The candidates in New York's 1st Congressional District are finding new attack lines in months-old financial disclosure statements.
In recent days the campaigns of Rep. Tim Bishop (D-Southampton) and Republican challenger Randy Altschuler have each turned to their opponent's last income and assets declaration to feature a familiar issue: corporate outsourcing.
Bishop's team notes that Altschuler's investment holdings, as of his June 25 report, include as much as $500,000 in GlobalLogic stock. GlobalLogic is a Virginia company that calls itself a leader in "offshore [product] development services."
Altschuler, who has served on GlobalLogic's board, once ran OfficeTiger, which similarly allowed companies to find cheaper, off-site alternatives for certain support functions.
As the St. James businessman continues to defend OfficeTiger, his campaign -- citing Bishop's May 11 disclosure forms -- asks why the five-term incumbent hasn't decried his own outsourcing interests.
They note that many of Bishop's investments are with TIAA-CREF, a financial services company that provides retirements for public-sector education workers. (Bishop was once provost of Southampton College).
"Our point here is simply to say that Tim Bishop is a hypocrite when it comes to outsourcing," said Altschuler campaign spokesman Chris Russell. "His retirement funds are invested in companies that outsource. Why isn't he jumping up and down about that?"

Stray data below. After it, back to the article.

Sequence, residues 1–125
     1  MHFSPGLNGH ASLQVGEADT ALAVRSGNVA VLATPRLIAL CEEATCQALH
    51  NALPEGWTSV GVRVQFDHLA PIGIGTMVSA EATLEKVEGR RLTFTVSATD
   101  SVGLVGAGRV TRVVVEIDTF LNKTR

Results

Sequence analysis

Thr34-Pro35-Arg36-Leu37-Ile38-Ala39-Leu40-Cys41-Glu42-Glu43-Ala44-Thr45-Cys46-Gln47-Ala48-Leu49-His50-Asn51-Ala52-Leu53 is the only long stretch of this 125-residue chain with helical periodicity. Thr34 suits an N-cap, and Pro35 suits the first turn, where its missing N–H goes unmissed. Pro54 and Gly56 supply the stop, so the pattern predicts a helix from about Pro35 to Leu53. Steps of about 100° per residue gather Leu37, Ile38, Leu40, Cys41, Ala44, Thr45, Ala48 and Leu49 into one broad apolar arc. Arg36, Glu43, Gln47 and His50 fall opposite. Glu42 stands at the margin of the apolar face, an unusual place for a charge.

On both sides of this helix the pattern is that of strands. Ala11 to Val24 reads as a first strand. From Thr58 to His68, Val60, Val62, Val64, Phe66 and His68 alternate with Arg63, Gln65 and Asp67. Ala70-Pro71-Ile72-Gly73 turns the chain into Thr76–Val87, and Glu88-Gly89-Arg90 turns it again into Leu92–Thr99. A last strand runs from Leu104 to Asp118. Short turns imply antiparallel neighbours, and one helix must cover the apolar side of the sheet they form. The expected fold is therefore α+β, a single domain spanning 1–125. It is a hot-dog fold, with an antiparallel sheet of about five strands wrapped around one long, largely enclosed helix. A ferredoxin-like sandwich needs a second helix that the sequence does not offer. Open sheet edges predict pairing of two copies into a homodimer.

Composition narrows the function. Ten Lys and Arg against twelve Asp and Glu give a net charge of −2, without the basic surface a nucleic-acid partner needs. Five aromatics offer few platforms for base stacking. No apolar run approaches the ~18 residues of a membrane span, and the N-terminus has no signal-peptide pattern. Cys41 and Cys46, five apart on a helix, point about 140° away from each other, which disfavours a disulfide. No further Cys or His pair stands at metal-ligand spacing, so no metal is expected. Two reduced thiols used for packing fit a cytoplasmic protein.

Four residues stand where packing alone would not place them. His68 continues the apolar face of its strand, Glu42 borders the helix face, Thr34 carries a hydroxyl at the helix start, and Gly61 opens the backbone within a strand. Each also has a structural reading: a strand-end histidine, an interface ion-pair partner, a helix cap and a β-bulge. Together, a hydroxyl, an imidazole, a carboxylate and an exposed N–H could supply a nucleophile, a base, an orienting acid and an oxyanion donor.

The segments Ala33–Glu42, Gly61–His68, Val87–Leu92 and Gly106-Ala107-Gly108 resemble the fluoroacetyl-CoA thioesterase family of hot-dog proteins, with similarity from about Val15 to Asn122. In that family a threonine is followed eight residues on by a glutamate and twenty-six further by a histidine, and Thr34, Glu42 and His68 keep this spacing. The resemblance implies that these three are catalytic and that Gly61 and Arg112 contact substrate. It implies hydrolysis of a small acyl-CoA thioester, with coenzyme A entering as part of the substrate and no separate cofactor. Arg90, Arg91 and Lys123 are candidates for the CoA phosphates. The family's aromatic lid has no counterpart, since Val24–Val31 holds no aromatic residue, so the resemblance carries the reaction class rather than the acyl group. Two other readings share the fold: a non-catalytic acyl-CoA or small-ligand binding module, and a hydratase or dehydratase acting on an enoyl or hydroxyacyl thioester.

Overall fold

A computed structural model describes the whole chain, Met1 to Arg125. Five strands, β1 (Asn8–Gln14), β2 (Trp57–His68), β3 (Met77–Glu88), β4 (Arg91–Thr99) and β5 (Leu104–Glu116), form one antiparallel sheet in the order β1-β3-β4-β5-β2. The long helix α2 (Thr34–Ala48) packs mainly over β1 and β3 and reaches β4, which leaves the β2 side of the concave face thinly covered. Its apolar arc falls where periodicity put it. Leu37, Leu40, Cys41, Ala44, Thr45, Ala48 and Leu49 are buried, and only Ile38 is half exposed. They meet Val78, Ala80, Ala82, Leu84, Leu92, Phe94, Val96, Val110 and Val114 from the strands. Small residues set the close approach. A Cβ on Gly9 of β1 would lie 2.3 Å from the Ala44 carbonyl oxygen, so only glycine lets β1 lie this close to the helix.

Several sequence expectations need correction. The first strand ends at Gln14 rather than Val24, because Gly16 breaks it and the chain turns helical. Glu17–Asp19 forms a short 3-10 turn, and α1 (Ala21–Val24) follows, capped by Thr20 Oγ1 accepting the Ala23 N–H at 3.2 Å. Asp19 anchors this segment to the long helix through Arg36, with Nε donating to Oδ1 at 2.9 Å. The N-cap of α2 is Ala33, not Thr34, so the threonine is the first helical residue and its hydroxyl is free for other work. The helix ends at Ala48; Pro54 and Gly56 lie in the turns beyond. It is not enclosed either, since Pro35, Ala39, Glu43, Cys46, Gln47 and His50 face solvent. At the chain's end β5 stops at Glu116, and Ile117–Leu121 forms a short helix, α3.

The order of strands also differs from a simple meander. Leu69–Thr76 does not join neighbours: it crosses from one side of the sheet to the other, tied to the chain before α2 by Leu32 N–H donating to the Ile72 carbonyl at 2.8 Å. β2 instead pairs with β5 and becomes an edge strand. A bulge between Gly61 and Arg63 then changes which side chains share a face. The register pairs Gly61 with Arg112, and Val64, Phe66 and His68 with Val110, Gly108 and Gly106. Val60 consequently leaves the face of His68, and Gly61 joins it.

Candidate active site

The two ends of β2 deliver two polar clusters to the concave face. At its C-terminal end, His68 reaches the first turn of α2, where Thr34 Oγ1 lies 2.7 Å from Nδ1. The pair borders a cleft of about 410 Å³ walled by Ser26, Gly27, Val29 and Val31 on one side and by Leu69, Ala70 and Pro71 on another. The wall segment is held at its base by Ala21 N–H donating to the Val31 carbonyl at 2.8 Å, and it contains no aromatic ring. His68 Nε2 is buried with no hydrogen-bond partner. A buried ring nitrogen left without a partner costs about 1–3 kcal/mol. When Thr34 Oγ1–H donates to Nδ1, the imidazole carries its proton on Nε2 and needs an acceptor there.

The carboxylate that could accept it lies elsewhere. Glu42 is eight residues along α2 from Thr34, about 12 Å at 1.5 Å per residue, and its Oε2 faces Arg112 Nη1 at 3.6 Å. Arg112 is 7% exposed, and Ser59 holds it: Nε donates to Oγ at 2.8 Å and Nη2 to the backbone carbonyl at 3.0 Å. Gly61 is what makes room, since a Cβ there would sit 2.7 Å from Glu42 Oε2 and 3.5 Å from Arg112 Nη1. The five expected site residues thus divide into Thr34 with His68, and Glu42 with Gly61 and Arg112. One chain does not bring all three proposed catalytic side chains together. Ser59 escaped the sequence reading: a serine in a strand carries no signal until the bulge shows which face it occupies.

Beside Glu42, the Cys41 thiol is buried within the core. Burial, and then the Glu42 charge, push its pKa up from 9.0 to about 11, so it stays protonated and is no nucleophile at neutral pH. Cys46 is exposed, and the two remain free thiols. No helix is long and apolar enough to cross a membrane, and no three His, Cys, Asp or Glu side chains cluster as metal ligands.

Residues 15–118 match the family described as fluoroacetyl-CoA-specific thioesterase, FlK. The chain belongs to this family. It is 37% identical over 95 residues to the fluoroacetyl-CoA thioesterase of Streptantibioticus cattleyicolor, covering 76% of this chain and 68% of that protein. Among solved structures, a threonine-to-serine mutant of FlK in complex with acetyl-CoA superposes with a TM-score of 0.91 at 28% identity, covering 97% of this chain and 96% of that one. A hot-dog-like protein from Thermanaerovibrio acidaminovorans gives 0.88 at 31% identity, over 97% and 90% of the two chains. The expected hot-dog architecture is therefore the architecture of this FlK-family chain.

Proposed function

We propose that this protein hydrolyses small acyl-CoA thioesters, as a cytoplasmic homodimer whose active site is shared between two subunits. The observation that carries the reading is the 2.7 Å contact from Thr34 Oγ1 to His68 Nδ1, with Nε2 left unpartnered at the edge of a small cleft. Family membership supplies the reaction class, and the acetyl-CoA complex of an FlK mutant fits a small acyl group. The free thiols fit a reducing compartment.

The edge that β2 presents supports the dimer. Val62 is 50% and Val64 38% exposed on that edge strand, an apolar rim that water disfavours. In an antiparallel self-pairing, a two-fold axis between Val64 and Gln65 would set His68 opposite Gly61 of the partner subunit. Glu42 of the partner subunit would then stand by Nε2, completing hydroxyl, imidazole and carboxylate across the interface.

Bishop staffers ridiculed the comparison, saying being one of millions of TIAA-CREF account holders, with no say in how the company operates, is different from investing in an outsourcer like GlobalLogic.
"It's outrageous to call middle-class teachers outsourcers after making millions of dollars founding, running and then selling a company that's only business is outsourcing," said Bishop spokesman Robert Pierce. "Altschuler chose to . . . invest as much as $500,000 in [GlobalLogic]. The tens of thousands of Long Islanders who have this retirement account, including Rep. Bishop, have no control over its investments."
Altschuler now chairs CloudBlue Technologies, an electronics recycler with most of its 380 jobs in the United States. He and a partner sold OfficeTiger for $250 million in 2006, when it employed 4,000 people: 3,250 overseas and 750 in the United States.
Bishop, in this campaign and in 2010 -- when he edged Altschuler by 593 votes -- said his opponent got rich outsourcing American jobs. Altschuler said OfficeTiger only created jobs.
The candidates will hold their next debate, the sixth of more than a dozen, on Monday at the Sound Beach firehouse.